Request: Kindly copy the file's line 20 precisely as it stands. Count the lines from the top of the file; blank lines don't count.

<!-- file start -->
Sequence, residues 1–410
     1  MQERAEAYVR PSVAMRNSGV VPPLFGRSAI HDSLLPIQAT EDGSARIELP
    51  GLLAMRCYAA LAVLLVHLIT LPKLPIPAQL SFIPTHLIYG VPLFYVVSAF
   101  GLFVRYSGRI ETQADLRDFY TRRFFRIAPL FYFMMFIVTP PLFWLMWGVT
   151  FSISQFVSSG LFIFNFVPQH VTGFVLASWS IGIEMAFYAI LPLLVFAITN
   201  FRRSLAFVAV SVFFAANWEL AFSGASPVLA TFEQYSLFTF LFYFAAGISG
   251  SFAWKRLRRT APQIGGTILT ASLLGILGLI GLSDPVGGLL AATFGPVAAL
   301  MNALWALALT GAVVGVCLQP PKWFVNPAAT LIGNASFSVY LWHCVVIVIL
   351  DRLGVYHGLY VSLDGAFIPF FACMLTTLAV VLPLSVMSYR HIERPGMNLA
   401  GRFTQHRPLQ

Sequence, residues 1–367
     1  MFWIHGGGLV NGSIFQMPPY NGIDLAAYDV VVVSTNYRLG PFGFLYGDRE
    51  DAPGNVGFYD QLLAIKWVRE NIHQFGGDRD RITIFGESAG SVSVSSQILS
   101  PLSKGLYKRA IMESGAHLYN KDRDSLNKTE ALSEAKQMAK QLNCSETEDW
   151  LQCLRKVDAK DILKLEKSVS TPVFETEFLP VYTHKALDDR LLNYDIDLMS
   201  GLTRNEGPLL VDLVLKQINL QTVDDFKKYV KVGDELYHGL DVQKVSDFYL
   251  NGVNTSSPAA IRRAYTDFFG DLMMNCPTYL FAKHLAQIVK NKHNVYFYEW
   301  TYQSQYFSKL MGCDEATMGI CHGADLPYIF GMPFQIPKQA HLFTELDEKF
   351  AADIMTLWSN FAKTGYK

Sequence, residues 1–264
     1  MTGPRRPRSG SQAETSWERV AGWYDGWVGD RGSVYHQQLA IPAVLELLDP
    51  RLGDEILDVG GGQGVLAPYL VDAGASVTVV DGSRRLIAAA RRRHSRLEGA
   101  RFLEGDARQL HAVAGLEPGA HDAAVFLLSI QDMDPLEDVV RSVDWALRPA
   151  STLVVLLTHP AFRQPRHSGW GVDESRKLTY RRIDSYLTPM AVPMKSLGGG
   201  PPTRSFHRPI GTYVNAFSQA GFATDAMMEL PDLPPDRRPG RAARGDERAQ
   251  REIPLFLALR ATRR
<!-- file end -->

Sequence, residues 1–264